"There comes a time in the sport where money talks too much and, when it does, there's no going back. Even if the other guys didn't want it, they can't ignore the numbers.

    "Everybody's lucky that the numbers we were talking about a year ago, they've doubled, trebled. Don't agree? You've spun it up on that roulette wheel, now take your chips and leave."

    Hearn also suggested Joshua – who could also face Oleksandr Usyk – would be willing to scrap his planned fight with Pulev should the Bulgarian not agree to a venue in Britain.

    "AJ's going to call the shots here and he may end up having to let the Pulev fight go if he won't fight in the places we'd like him to fight and that is in the UK," Hearn said.

    "We're looking at dates around the end of May, beginning of June for the Pulev fight. Everywhere's in play – Emirates Stadium, Tottenham Hotspur Stadium, the London Stadium.

    "We've also reached out to Twickenham as well and the Millennium Stadium have got some dates for us. In an ideal world, AJ's next fight will be against Pulev in London."

  • No Wilder-Joshua talks, insists Fury's promoter Warren No Wilder-Joshua talks, insists Fury's promoter Warren

    Tyson Fury's promoter Frank Warren insisted there is no truth in Anthony Joshua's claims he has held talks with Deontay Wilder over a heavyweight fight.

    Joshua regained the WBA, IBF and WBO belts from Andy Ruiz Jr in December, while Fury is set to meet WBC champion Wilder in a rematch on February 22.

    Brit Joshua has recently suggested his camp has held discussions with Wilder's management over a potential meeting this year, which would come instead of a possible third bout between the American and Fury.

    Warren, though, is adamant no talks have been held.

    "I spoke to [Wilder's co-manager] Shelly Finkel [on Tuesday] and he denied it," Warren told ESPN.

    "There's a rematch clause in the contract and the loser has the right to invoke that not long after the fight.

    "That will determine what happens, not what [promoter] Eddie Hearn or Joshua says.

    "It seems every time they mention these discussions they never think about the possibility of Tyson winning the fight with Wilder."

    Joshua is reportedly set to face Kubrat Pulev, who is the IBF mandatory challenger, while a bout between the Briton and Oleksandr Usyk has been also been mooted.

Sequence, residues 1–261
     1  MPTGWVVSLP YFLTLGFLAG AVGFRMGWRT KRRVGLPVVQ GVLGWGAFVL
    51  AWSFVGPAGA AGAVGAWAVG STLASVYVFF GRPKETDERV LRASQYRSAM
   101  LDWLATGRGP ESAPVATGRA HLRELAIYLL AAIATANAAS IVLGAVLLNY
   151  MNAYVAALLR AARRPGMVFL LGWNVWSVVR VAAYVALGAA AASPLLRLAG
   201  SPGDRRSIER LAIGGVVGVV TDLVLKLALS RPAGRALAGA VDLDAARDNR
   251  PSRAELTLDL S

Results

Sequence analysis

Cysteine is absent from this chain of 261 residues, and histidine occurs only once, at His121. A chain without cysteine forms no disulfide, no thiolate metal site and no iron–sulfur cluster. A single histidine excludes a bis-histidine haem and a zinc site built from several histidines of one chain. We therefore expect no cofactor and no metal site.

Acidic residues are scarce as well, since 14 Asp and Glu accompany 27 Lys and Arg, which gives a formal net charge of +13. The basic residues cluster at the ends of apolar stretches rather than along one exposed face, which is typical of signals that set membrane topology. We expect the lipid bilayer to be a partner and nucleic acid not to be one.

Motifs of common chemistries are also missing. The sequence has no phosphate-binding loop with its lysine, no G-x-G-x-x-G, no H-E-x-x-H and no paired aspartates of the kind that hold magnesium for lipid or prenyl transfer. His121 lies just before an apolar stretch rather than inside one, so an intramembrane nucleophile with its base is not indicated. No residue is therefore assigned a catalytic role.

But Warren is hopeful of bringing Joshua and Fury together for an-all British encounter, though he cited the "ego" of Hearn as a potential stumbling block.

    "I would like to see Tyson in with Joshua straight away after February 22," Warren said.

    "I don't think it's a difficult negotiation – we have just seen that with two networks in the United States agreeing to work with each other for Wilder-Fury II. The only thing that stops it is all of the ego with Eddie Hearn.

    "I don't see why it should be a problem at all. It's a fight for the good of the sport that everyone wants to see. As long as Tyson wins his next fight, and Joshua wins his mandatory fight next, it can happen.

    "It seems like everyone is looking for reasons why it shouldn't happen. Nearly every big fight we have got over the line. 

    "Fury and Joshua are at their best, nothing is stopping it from happening except Joshua's people being afraid of their cash cow being beaten."

  • White puts McGregor in same bracket as Muhammad Ali and talks up Khabib rematch White puts McGregor in same bracket as Muhammad Ali and talks up Khabib rematch

    UFC president Dana White has compared Conor McGregor to boxing greats Muhammad Ali, Mike Tyson and Sugar Ray Leonard after the Irishman made his return to the Octagon.

    McGregor needed just 40 seconds to defeat Donald 'Cowboy' Cerrone in Las Vegas on Saturday, as the 31-year-old marked his comeback after 15 months away from the Octagon in style.

    And White believes McGregor has now reached the same level as stardom as icons such as Ali, Tyson and Leonard.

    "[Conor] is such a huge superstar. I put him up there with Tyson, Leonard," White told a media conference.

    "All of them," he added when asked if McGregor could be compared to Ali, considered to be the greatest fighter in boxing history.

    "He's got the biggest pay-per-view in pay-per-view history. How many of the top 10 does he have? I don't even know. He's one of the biggest stars out there.

    "A lot of the times coming in his career he's been doubted for his talent and he proves everybody wrong every time."

    White was also asked how much McGregor was worth to UFC, with a figure of $2billion suggested by a reporter.

    "Two billion dollars? Sounds like a good number, I'll take that," White joked. "I don't know what he's worth to the company but it's big.

    "You couldn't go anywhere without seeing this fight and knowing that this fight was on. All the people came out and watched the fight.

    "This is one of those fights that people who normally don't buy [do] buy, right? So, the number is always massive.

    "Then Conor comes out and does what he did tonight. You can't put a number on that. It's massive and it's global. The whole world was watching tonight."

    McGregor's previous fight came in October 2018, when he was defeated by Khabib Nurmagomedov.

    In his own post-fight news conference, McGregor outlined his intention to go up against the Russian once more, and White is eager to make a rematch happen.

    "We're at a place right now where Conor was saying that, going into the Khabib fight, he had lots of personal stuff," said White.

    "Some stuff [was] self-inflicted. He had injuries. He had all these things going on. He has been obsessed with getting that rematch because he knows that he wasn't 100 per cent right.

    "We're looking at like Ali-Foreman, Ali-Frazier. This is a massive fight with global appeal. It's the fight you make, it's the fight that makes sense. It's for the 155-pound title.

    "It's huge for Khabib’s legacy, too. If he beat McGregor, then he beats Tony Ferguson, then he beats McGregor again, I mean, this is how this kid, when he retires, he's 30-something and, oh, he's beaten all of the best."